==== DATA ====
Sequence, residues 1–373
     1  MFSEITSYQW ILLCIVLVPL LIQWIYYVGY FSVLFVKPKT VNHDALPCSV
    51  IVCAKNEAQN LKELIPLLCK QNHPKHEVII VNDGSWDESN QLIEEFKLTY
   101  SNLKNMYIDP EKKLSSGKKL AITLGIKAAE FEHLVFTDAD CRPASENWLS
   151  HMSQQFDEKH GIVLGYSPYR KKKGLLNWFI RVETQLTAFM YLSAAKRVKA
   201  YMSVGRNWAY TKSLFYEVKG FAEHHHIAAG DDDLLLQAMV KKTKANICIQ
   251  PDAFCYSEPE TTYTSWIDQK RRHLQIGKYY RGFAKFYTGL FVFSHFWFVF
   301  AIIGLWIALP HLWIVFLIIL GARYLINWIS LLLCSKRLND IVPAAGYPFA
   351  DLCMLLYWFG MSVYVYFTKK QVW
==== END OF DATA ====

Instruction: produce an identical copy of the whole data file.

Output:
Sequence, residues 1–373
     1  MFSEITSYQW ILLCIVLVPL LIQWIYYVGY FSVLFVKPKT VNHDALPCSV
    51  IVCAKNEAQN LKELIPLLCK QNHPKHEVII VNDGSWDESN QLIEEFKLTY
   101  SNLKNMYIDP EKKLSSGKKL AITLGIKAAE FEHLVFTDAD CRPASENWLS
   151  HMSQQFDEKH GIVLGYSPYR KKKGLLNWFI RVETQLTAFM YLSAAKRVKA
   201  YMSVGRNWAY TKSLFYEVKG FAEHHHIAAG DDDLLLQAMV KKTKANICIQ
   251  PDAFCYSEPE TTYTSWIDQK RRHLQIGKYY RGFAKFYTGL FVFSHFWFVF
   301  AIIGLWIALP HLWIVFLIIL GARYLINWIS LLLCSKRLND IVPAAGYPFA
   351  DLCMLLYWFG MSVYVYFTKK QVW